Sacramento Police Chief claims he does not know why officers who shot and killed Stephon Clark muted their body cams
There are many unanswered questions in the case.
The ongoing national speculation into Stephon Clark’s death in Sacramento continues to weigh heavily on many as the investigation moves forward. Sacramento police officers shot the 22-year-old father of two to death in the backyard of the home he shared with his family.
In an attempt to answer some questions, the Sacramento Police Chief Daniel Hahn joined Gadi Schwartz for a special interview on NBC News.
“This is a tragic event, especially for the family and friends, but also for the community at large and for the police department,” said Chief Hahn, who is Sacramento’s first Black Police Chief. “I really wanted people to have a conversation about the facts and one of the best ways for people to see as many facts as they can is by watching it with their own eyes.”
Last week, the department released three videos, two with audio and one from an aerial view, in an attempt to dispel the criticism they were receiving for the shooting.
“The officers responded to a call and, ultimately, were able to see the subject they believe was responsible for the breaking into the cars that they were there for. Helicopters were over their head and they chased them. They felt that their lives were in danger and they fired.”
The officers — and apparently the Chief, as well, maintain that the man they reportedly saw running on aerial view was the same man they found on foot. They claim to have ordered the man to show his hands, but instead, the man began to run to the back of a nearby house. These initial commands are not heard on the video.
Their story details that once confronted in the backyard, the man (Clark) then came rushing towards them with an object in his hands. This object, which was first described as a gun, and later described as a “tool bar,” has never been found or identified from the scene.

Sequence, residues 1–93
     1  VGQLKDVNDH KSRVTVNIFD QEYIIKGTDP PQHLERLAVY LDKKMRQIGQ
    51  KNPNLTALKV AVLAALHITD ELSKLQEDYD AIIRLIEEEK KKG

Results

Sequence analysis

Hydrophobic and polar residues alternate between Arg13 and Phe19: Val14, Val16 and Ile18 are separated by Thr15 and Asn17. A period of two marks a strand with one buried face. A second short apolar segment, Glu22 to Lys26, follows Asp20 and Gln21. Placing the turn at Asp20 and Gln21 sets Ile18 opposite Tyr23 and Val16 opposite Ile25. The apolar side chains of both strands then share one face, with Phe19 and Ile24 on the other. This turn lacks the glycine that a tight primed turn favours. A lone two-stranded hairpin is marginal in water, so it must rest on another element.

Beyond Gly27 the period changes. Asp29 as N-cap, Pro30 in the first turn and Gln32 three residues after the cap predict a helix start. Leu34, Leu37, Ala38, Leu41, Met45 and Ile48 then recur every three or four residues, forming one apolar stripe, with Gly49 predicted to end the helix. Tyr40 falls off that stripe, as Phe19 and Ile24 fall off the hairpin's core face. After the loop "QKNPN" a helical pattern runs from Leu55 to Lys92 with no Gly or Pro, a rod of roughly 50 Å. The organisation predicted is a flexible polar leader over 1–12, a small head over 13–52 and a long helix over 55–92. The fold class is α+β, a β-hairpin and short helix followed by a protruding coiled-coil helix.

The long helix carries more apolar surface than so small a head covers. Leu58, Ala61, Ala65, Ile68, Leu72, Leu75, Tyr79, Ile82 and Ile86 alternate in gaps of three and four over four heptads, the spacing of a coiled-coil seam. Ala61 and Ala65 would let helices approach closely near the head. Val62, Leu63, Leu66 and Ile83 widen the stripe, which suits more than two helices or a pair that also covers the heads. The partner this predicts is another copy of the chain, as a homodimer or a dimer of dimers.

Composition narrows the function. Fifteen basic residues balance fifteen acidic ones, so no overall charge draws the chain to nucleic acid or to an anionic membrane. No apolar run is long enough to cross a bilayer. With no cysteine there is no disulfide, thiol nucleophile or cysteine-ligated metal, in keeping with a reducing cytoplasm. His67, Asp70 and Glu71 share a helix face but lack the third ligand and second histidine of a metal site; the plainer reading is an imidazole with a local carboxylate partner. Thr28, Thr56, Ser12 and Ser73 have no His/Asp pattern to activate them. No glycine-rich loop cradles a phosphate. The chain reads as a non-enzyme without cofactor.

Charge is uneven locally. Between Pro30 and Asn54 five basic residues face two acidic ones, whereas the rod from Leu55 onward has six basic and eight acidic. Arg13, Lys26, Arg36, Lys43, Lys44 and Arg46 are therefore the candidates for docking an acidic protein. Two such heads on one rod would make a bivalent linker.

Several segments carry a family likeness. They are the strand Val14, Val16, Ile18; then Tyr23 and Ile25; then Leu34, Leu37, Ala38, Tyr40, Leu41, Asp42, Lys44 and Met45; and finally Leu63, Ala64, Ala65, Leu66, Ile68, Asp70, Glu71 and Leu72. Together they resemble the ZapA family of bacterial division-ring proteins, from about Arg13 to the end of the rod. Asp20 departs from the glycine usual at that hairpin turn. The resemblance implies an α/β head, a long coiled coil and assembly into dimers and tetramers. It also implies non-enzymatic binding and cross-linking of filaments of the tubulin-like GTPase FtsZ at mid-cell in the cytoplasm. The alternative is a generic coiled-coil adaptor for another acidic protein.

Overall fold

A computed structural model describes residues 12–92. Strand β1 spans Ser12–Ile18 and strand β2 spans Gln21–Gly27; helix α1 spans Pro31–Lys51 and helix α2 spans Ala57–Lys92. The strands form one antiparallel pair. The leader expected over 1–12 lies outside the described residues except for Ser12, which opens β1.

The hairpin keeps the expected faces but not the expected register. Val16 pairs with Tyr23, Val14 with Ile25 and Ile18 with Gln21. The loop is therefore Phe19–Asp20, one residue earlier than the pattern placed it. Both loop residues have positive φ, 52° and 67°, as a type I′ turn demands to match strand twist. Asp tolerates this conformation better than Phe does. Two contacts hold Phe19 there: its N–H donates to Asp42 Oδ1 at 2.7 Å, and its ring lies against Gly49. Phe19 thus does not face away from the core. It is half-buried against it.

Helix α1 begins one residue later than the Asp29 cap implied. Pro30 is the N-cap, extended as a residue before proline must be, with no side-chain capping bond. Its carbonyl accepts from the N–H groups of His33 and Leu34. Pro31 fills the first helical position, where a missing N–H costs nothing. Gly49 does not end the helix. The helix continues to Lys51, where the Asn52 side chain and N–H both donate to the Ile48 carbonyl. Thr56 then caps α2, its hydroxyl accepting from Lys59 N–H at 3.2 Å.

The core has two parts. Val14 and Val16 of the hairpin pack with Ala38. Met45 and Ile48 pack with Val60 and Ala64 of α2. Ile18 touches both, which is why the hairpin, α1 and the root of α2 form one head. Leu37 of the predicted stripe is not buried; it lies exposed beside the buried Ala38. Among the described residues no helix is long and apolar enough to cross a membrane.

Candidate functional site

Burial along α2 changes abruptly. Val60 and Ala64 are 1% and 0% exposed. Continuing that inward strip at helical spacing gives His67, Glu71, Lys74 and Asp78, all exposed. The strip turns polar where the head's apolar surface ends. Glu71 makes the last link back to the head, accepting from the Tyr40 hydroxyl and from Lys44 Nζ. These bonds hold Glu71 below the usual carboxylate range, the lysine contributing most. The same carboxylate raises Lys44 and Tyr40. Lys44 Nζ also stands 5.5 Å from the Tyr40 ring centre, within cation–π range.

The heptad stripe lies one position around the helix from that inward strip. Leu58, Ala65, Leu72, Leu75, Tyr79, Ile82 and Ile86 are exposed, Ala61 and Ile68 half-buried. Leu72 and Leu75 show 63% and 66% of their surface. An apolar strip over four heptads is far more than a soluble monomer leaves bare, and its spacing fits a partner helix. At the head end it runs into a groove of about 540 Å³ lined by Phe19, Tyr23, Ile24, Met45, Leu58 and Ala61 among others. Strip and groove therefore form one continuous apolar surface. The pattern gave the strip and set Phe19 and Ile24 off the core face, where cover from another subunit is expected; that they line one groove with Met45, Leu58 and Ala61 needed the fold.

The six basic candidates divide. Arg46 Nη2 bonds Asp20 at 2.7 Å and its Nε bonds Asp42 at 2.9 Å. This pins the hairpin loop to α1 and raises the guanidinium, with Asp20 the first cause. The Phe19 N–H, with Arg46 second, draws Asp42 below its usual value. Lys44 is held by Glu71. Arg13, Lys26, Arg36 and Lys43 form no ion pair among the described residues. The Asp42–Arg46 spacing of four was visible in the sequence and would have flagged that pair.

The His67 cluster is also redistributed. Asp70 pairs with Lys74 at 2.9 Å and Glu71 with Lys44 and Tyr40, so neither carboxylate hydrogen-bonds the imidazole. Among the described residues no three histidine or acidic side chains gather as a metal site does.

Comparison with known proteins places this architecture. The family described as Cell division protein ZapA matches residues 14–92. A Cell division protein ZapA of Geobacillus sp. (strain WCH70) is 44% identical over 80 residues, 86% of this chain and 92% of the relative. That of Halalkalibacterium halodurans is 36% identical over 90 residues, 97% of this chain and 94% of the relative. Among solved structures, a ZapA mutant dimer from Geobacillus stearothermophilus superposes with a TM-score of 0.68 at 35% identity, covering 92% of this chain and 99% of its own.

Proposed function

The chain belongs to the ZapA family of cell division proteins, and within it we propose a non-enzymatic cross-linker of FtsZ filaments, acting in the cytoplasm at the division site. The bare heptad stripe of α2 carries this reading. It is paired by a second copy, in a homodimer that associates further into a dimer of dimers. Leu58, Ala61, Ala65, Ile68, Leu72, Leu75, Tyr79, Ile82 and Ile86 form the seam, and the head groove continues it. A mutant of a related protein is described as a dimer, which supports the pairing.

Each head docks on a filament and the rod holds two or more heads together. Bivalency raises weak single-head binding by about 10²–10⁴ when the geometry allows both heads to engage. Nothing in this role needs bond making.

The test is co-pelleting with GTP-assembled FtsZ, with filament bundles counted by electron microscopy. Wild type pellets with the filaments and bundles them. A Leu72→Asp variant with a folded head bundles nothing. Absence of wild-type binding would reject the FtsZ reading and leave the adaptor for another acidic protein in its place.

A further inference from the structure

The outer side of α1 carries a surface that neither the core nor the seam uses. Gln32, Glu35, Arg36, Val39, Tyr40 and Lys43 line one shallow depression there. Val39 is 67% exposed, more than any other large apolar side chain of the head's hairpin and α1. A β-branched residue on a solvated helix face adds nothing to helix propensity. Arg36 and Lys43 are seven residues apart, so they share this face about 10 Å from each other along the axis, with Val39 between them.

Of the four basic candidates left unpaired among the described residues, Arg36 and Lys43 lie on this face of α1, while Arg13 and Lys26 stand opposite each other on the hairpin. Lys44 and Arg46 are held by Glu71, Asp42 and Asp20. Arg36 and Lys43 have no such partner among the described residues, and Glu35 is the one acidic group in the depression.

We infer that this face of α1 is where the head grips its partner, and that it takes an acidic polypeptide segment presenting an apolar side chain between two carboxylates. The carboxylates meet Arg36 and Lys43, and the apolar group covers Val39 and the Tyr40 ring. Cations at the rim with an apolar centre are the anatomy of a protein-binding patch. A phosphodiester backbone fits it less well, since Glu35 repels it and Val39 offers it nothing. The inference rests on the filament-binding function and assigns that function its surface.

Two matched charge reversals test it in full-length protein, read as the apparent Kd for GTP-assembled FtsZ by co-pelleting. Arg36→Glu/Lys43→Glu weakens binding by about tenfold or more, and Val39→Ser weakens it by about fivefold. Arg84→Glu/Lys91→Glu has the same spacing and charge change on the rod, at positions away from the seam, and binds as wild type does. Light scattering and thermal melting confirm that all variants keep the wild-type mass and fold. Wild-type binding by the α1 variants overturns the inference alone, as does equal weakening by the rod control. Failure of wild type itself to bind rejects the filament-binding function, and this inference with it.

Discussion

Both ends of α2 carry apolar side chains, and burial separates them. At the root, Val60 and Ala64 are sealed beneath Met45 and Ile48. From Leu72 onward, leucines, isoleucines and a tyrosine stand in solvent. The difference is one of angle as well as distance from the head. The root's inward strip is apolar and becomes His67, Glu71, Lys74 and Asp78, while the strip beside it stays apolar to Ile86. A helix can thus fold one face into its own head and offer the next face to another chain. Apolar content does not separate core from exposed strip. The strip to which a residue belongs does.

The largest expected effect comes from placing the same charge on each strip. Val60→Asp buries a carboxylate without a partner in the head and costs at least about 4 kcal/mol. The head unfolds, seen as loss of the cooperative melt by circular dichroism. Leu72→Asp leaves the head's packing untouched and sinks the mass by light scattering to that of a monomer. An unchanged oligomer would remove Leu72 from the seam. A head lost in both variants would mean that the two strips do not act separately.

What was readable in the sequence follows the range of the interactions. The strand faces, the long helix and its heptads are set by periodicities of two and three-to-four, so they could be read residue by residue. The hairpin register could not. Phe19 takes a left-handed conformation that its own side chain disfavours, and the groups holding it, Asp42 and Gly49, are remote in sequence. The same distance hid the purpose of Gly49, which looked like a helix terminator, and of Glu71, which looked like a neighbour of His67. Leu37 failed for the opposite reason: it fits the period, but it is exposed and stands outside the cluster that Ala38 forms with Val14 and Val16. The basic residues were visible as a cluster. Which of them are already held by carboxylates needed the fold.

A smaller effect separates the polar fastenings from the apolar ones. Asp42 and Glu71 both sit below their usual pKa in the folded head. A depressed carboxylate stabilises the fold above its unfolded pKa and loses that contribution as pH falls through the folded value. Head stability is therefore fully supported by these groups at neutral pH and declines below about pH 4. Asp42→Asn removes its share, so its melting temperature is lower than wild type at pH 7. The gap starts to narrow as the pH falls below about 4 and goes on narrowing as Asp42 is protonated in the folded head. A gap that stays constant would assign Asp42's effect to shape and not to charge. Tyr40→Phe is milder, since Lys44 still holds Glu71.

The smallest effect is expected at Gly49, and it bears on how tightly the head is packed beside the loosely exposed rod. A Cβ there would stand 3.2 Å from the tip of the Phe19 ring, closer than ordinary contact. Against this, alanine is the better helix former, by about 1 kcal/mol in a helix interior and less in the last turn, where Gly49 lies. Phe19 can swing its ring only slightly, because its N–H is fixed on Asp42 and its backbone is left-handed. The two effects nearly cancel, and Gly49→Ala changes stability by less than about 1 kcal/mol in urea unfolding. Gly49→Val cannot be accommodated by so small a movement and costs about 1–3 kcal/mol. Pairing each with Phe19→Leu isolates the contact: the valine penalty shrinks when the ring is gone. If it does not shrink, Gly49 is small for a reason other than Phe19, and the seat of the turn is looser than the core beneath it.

What was recovered near his body, however, was a cell phone.
Where’s the audio?
Schwartz asks an important question, one of which has been among the lead causes adding to the hostility between the police and the protestors following Clark’s death.
“Why did the officers turn off the [microphones] on their cameras?”
“I don’t know,” responded Chief Hahn, “so that’s all part of the investigation of the reason for that. There are various reasons why somebody would, I just don’t know what their reason was.”
Additionally, the Sacramento Police Department is under fire for having shot Clark 20 times. The shooting followed the one and only command — and with less than one second following — in which an officer can be heard saying “Put your hands up,” immediately followed by “gun!” and a barrage of bullets.
“As soon as they did the command, they started shooting,” said Stephon Clark’s aunt to the Sacramento Bee. “They said ‘put your hands up, gun’ and then they just let loose on my nephew.”
“They didn’t give him a chance to put his hands up or anything, and then when they shot him down, they knew they messed up,” she continued.
Six minutes after the shooting, one officer can be heard telling another, “hey, mute,” referring to his body camera. At that time, both officers apparently muted their microphones for the remainder of the video.
Officers claim they were “fearing for their safety” and so fired multiple shots at the victim, hitting him multiple times and killing him at 9:26 p.m, meaning these events took place in the span of a minute.
On the video, it’s apparent that the officers shot Clark in less than 10 seconds of making contact with him.